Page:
Threat of U.S. Attack Sends Syrians Fleeing to Border

PHOTO: Syrian refugee children stand outside their tent at a temporary refugee camp in the eastern Lebanese town of Faour near the border with Syria, Lebanon, Aug. 28, 2013. PlayBilal Hussein/AP Photo
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On Thursday, an enormous bus bearing the license plates of Syria's Idlib province rumbled across Lebanon's Masnaa border crossing. It was one of the thousands of vehicles to cross since Wednesday, transporting Syrians fleeing in fear of a looming U.S. military strike.

Poor families from the countryside took with them stuffed jars of olives, wool blankets and whatever else they could carry—preparing for a long winter and unknown future ahead.

"Our dad was kidnapped five months ago and we don't know who took him. The situation is only getting worse and we finally decided we couldn't stay any longer," said 17-year-old Sawsan, the youngest of four sisters traveling with their mother to Lebanon for the first time.

"We left Saraqeb (city) at 8 a.m. yesterday. It took us 24 hours to travel because the route is very unsafe and there are a lot of checkpoints to go through," Sawsan said. In times of peace, that journey would have taken no more than five hours.

Many wealthy Damascenes, who continue to live with a semblance of normality in the government-held capital, brushed off the trip as a temporary sojourn.

"It's a vacation. I'll go shopping in Beirut for a week and then we'll go back," said Darine Shaheen, 23, who works as a makeup artist in the capital.

"There's nothing wrong in Damascus," said her mother, Souade. She admitted, however, that residents were afraid over the potential strike. "We'll stay here for 10 days and see what happens."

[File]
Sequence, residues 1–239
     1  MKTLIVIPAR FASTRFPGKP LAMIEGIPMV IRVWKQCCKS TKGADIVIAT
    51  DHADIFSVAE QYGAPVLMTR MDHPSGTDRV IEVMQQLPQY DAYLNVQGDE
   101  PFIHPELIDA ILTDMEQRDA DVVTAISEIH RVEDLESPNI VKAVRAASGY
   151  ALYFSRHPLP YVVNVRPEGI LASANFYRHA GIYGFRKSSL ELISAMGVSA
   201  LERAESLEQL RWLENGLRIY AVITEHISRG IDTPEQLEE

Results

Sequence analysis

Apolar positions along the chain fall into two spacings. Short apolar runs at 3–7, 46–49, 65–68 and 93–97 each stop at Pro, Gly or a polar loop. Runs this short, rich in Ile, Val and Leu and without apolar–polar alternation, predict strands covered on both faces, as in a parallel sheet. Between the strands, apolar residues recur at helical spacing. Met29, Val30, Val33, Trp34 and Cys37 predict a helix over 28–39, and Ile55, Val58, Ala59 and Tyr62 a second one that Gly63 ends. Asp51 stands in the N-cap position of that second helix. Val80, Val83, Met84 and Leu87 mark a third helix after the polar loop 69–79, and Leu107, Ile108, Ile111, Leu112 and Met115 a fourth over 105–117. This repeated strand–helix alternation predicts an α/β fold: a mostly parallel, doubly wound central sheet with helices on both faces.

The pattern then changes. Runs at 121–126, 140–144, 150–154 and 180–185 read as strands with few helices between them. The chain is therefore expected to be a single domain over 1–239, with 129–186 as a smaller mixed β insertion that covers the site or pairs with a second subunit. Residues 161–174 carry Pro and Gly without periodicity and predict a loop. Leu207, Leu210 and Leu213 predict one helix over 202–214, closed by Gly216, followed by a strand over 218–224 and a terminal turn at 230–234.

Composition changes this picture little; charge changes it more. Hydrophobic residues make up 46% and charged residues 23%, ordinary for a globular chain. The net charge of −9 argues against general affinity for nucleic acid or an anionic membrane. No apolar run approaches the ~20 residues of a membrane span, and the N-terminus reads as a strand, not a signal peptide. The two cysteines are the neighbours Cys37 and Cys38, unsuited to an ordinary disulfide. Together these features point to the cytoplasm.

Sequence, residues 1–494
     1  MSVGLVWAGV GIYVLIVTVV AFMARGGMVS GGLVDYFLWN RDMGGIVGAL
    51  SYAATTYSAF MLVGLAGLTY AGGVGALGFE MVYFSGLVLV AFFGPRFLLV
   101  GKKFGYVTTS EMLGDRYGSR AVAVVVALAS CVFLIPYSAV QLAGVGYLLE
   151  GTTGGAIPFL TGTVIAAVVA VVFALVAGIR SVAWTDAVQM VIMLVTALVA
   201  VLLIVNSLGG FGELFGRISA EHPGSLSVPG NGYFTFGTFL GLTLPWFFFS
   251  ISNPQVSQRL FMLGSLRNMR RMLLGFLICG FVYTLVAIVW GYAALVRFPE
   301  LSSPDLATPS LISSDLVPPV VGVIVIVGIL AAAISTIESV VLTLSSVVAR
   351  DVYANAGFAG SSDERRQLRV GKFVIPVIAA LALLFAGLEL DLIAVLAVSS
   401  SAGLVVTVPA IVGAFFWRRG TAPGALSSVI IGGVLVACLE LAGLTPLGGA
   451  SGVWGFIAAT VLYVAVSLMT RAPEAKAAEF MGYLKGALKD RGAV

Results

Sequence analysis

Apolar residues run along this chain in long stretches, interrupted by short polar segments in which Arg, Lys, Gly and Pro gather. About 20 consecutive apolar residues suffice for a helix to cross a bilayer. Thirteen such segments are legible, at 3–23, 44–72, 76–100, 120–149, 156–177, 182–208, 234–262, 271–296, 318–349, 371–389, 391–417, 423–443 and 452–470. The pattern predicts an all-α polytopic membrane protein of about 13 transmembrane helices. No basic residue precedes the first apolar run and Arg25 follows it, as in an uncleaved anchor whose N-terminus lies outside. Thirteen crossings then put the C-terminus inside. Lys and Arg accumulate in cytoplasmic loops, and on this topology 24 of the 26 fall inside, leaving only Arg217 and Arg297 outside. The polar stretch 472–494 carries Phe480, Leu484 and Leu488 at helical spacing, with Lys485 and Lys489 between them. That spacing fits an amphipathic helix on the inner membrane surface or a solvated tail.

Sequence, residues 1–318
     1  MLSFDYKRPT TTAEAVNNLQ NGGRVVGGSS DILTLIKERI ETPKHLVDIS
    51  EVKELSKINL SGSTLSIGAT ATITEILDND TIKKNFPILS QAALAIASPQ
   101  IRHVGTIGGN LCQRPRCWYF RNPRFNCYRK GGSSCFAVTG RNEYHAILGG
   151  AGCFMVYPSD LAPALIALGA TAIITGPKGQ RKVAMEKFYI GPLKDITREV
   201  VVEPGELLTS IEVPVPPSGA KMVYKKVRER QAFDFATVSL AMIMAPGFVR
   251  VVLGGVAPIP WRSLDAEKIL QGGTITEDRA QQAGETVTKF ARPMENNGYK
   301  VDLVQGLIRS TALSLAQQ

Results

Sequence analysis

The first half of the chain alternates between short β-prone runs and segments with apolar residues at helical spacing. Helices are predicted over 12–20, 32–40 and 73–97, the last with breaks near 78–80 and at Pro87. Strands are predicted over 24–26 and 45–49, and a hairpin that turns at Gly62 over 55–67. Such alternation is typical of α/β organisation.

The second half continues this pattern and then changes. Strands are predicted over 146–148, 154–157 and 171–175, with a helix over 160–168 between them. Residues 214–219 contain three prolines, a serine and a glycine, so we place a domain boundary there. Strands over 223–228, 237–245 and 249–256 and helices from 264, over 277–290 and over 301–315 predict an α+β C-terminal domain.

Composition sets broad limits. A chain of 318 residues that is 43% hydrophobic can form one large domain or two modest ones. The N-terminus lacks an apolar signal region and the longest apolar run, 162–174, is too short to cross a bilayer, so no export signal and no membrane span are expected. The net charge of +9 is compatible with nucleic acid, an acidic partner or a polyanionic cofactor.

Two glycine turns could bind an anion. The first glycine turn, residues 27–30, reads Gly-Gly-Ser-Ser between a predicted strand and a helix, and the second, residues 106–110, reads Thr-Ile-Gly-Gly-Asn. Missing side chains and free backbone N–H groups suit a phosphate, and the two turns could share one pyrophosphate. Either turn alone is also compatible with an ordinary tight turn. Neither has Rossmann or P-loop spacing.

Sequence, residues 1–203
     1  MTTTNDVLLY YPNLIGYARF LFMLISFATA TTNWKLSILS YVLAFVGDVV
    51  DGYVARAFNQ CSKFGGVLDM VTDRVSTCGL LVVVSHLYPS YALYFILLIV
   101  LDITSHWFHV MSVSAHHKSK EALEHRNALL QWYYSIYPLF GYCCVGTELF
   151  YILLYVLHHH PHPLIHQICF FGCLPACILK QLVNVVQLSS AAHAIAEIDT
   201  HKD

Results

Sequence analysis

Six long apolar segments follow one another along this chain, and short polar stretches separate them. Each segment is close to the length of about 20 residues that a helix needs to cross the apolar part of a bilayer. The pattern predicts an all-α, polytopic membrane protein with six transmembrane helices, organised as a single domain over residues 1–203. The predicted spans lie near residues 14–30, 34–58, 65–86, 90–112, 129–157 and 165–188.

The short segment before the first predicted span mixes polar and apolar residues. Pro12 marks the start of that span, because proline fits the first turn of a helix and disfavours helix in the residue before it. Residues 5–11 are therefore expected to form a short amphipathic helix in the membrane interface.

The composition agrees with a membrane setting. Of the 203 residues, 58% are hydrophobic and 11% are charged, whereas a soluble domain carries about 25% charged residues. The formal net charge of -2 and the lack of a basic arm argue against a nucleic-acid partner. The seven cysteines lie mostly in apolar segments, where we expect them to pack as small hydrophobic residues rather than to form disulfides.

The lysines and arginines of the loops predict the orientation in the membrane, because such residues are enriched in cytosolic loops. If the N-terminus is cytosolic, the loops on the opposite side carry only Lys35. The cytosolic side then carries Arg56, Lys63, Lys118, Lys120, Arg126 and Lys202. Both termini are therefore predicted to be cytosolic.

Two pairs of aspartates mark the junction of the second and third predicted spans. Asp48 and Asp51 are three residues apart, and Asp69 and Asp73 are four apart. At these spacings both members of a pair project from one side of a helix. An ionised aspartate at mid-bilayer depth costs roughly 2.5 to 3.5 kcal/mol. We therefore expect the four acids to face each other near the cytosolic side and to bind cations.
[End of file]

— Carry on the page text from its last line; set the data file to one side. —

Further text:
The women, well-dressed and wearing stylish sunglasses, said they had no problems entering Lebanon and were waved across the border.

Abed, a taxi driver from Damascus, gave a different perspective on his coffee break.

"Getting across all depends on how you look," he said. According to Abed, the Lebanese border officials are taking a hard line on identification cards, rejecting those that are worn out.

"I saw border officers break old IDs and push back the crowds with hoses," he said. "They're treating people like s**t."

In the summer of 2012, only 25,000 Syrians were registered as refugees with the United Nations refugee agency (UNHCR) in Lebanon. Today that number has skyrocketed to over 700,000 people registered or awaiting registration. (It could top one million when taking into consideration those who have not registered out of fear or lack of identification). In the past week alone, over 11,000 people registered.

Down the road from the crossing, the go-to rest stop was bustling with fresh arrivals, its waiters struggling to seat all of the guests. Ahmed Hassan, 27, said he and his fellow staff had been up all night manning the convenience store and café.

"Normally we close at 10 p.m., but yesterday we stayed open all night until the morning," he said. "We haven't seen this many people come across since the Syrian minister of defense was killed in the bombing last summer."

An immaculately coiffed elderly woman, Jamila Awais, said she would leave for Jordan in the coming days, and then apply for a U.S. visa to join her brother in Arizona.

"We're all are afraid of the U.S. strike. That it will be like Iraq," said Awais.

Dima Khadour, 32, said she and her Palestinian husband decided to take an early vacation for their second wedding anniversary. "We'll see if something happens, but we plan to go back," said Dima.

"We have our work back in Syria. We're all doctors. We have to go back," said Dima's sister-in-law Bisan Tameem.

But not everyone was inbound.

A 16-year-old named Ahmed from Syria's northern Hasakeh province, said he was heading home to see his family after a month and a half working in Lebanon. The young man has been going back and forth for construction jobs since age 14.

"Winter is coming and there will be less work…Anyway, our fate is written by God," he said of his decision to return to Syria amid talk of an imminent attack. "If my mom and sisters and everyone gets killed, then what good is it for me to be alive?"

Beside him sat Sultan, 23, who had traveled from Damascus to Beirut to apply for university to study contemporary history. But Sultan was on his way home; he found out tuition would cost $1,500—well beyond his means.

He was disappointed about university but more so about the situation in his country. "There is blood on the streets. Syria is dead," he said. "But I'll never leave my country."

Speaking in a thoughtful and melancholy tone, he mused: "Death doesn't have to be the end. It's something that happens and it's not in your control."